Optimising TCP/IP connectivity

An exploratory study in socket-intensive Erlang systems

Bachelor thesis presentation London, June 14, 2007

Oscar Hellström oscar@erlang-consulting.com

Contents
• • • • Erlang based TCP/IP intensive applications Stress testing Ejabberd on inexpensive machines Surprising results Conclusions only a penguin could love

Page 1

Introduction
• Erlang TCP/IP intensive applications are common
– HTTP (YAWS, ETC Web Platform) – Instant Messaging (ejabberd) – Networking (RabbitMQ)

• Scalability of Operating Systems
– Old connectivity benchmarks floating around [1] – Rapidly changing TCP/IP stacks and OS kernels – Still not really what this paper is about

Page 2

Introduction
• Scalability of Erlang
– – – – Has been investigated in a number of papers [2] Network scalability has not been addressed How to combine Erlang applications with a suitable OS? How to optimise runtime settings of TCP/IP intensive applications?

Page 3

Research approach
• Benchmarking Ejabberd
– Tsung, a multi-protocol load testing tool – User scenarios
• 20% idle users • 60% semi-active users • 20% active users

• Major Operating Systems
– – – – – Linux (SuSE 9.3) FreeBSD 6.2 NetBSD 4.1 Solaris 10 Windows port of Erlang does not support kernel poll
Page 4

Research approach
• Low end benchmark machines
– Intel Celeron – 2.4Ghz – 512 MB RAM

• • •

2 Tsung machines 1 Ejabberd machine 100 Mbit LAN

Page 5

Research approach
• Erlang Run-Time system settings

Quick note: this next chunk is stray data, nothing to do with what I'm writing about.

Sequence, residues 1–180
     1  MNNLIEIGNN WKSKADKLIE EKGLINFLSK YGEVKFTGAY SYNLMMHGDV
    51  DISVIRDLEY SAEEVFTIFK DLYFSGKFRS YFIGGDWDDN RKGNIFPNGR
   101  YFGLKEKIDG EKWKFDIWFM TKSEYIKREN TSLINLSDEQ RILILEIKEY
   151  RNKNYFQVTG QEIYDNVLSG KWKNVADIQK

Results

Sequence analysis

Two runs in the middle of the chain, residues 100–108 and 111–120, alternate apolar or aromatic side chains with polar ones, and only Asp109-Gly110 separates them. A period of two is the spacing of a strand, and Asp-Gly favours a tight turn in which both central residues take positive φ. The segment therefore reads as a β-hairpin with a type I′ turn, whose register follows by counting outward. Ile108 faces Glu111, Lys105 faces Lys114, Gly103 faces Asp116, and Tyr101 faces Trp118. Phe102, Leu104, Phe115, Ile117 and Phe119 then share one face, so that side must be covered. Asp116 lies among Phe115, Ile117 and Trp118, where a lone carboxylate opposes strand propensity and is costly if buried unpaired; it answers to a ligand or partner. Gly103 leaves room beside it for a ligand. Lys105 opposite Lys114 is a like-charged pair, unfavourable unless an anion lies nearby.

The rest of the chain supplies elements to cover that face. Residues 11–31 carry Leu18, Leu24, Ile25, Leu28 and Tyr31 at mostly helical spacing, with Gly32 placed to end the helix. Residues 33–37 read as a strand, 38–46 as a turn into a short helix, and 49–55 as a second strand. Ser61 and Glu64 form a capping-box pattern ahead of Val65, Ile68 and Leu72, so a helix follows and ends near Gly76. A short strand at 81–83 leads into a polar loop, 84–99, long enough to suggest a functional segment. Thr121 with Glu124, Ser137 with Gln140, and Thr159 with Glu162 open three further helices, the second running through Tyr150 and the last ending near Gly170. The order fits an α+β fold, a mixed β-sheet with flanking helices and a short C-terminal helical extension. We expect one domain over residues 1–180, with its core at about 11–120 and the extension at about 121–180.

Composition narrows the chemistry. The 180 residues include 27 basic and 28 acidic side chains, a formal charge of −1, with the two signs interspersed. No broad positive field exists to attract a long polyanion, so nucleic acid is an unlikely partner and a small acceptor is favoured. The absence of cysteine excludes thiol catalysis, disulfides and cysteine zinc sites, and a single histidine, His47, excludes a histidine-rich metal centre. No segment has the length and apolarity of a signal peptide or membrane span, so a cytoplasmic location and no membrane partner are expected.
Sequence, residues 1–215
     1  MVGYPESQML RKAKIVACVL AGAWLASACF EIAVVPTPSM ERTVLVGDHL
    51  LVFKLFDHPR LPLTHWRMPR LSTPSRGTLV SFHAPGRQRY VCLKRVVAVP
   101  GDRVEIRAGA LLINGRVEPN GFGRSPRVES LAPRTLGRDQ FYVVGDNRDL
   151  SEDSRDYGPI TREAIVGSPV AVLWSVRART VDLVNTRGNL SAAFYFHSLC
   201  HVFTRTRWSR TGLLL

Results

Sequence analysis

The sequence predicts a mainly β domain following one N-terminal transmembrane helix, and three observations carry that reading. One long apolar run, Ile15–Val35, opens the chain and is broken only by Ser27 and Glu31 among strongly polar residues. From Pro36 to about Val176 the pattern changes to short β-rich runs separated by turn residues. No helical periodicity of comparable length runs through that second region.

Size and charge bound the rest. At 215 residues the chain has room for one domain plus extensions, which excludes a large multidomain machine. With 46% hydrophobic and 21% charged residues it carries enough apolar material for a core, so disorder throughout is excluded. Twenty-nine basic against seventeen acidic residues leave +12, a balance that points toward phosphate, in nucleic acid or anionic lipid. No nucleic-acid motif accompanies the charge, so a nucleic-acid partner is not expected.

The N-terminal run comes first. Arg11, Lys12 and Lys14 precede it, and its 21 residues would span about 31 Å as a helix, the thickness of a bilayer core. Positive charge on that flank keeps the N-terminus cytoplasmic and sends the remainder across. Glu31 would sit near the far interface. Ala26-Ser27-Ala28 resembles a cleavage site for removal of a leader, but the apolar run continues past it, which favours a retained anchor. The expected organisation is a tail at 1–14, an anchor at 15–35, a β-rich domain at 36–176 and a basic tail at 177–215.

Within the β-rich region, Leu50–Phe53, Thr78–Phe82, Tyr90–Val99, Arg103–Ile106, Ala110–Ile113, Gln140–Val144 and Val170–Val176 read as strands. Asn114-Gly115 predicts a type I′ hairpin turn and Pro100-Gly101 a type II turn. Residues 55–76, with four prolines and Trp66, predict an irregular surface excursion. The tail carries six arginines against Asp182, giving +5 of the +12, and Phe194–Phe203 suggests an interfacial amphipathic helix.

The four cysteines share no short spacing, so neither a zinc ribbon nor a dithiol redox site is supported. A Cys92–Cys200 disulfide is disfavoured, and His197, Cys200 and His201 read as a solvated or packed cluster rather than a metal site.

– Basic installation – Asynchronous threads – Kernel-polling

• OS TCP stack optimisations
– Window Size – Selective Acknowledgments (SACK)

Page 6

Results

Page 7

Results
Default settings SuSE 9.3 NetBSD 3.1 Solaris 10 17855 16581 16994 K + A (25) SuSE 9.3 NetBSD 3.1 Solaris 10 22593 20974 16506 Async threads (50) 17687 17058 17150 K + A (50) 23528 20308 18248 Kernel Poll 23898 19971 17300 K + A (75) 23034 19262 17241

Page 8

Results
How did we reach the limits ?
• Resource limits in the OS
– File descriptors per process – Sockets per process – Maximum heap size

• Resource limits in the Erlang virtual machine
– Maximum default number of allowed processes – Maximum number of ETS tables and ports

• Hardware constraints
– CPU – Memory
Page 9

Conclusions
• Operating Systems
– Use SUSE LINUX for small scale systems

• Kernel-poll is the must have optimisation
– From a CPU bound system to a memory bound system

• Threadpool size is a could have optimisation
– When you need that last bit of performance

• OS TCP stack optimisations
– Dependent on the network environment – Dependent on traffic profile
• No impact on reliable IM networks

Page 10

Contents
• • • • Erlang based TCP/IP intensive applications Stress testing Ejabberd on inexpensive machines Shocking results Conclusions only a penguin could love

Page 11

Questions

Page 12

References
1. Felix von Leitner, Benchmarking BSD and Linux, http://bulk.fefe.de/scalability/ 2. Nyström J.H. Trinder P.W. King D.J. High-level Distribution for the Rapid Production of Robust Telecoms Software: comparing C++ and Erlang Concurrency and Computation: Practice & Experience. Preprint: http://www.macs.hw.ac.uk/~trinder/papers/CPE2006.pdf

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